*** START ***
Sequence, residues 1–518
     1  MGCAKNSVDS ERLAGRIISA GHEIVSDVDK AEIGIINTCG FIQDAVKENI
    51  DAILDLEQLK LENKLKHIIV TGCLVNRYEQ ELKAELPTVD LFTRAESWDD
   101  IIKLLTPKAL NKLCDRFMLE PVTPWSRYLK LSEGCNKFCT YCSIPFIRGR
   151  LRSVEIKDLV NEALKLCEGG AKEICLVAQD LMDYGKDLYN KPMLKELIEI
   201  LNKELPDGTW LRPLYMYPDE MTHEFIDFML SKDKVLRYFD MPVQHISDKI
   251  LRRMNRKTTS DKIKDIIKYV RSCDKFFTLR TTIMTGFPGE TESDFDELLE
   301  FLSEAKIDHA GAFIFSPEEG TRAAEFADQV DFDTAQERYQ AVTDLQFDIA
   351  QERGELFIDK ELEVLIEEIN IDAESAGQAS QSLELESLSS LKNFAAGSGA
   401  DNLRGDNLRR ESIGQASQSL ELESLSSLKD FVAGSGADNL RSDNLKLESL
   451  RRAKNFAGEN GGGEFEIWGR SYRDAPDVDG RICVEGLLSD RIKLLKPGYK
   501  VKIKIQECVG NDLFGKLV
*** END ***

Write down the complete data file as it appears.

Sequence, residues 1–518
     1  MGCAKNSVDS ERLAGRIISA GHEIVSDVDK AEIGIINTCG FIQDAVKENI
    51  DAILDLEQLK LENKLKHIIV TGCLVNRYEQ ELKAELPTVD LFTRAESWDD
   101  IIKLLTPKAL NKLCDRFMLE PVTPWSRYLK LSEGCNKFCT YCSIPFIRGR
   151  LRSVEIKDLV NEALKLCEGG AKEICLVAQD LMDYGKDLYN KPMLKELIEI
   201  LNKELPDGTW LRPLYMYPDE MTHEFIDFML SKDKVLRYFD MPVQHISDKI
   251  LRRMNRKTTS DKIKDIIKYV RSCDKFFTLR TTIMTGFPGE TESDFDELLE
   301  FLSEAKIDHA GAFIFSPEEG TRAAEFADQV DFDTAQERYQ AVTDLQFDIA
   351  QERGELFIDK ELEVLIEEIN IDAESAGQAS QSLELESLSS LKNFAAGSGA
   401  DNLRGDNLRR ESIGQASQSL ELESLSSLKD FVAGSGADNL RSDNLKLESL
   451  RRAKNFAGEN GGGEFEIWGR SYRDAPDVDG RICVEGLLSD RIKLLKPGYK
   501  VKIKIQECVG NDLFGKLV